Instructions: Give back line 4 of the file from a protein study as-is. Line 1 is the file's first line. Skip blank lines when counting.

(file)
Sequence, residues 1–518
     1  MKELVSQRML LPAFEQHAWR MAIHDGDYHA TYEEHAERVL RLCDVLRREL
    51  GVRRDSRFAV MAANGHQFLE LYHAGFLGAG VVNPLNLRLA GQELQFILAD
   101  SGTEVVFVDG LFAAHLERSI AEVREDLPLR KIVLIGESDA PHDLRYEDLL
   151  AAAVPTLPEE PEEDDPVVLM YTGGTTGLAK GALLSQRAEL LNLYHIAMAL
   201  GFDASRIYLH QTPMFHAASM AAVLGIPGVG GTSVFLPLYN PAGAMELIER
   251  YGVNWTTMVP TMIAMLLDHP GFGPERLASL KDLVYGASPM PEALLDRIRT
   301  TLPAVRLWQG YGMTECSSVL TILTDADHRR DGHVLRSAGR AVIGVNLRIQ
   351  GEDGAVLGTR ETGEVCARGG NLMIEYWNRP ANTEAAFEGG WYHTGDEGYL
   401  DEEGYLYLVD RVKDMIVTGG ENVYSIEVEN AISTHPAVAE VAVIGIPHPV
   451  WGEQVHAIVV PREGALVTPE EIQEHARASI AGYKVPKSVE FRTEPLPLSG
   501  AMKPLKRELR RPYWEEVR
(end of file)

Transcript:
   101  SGTEVVFVDG LFAAHLERSI AEVREDLPLR KIVLIGESDA PHDLRYEDLL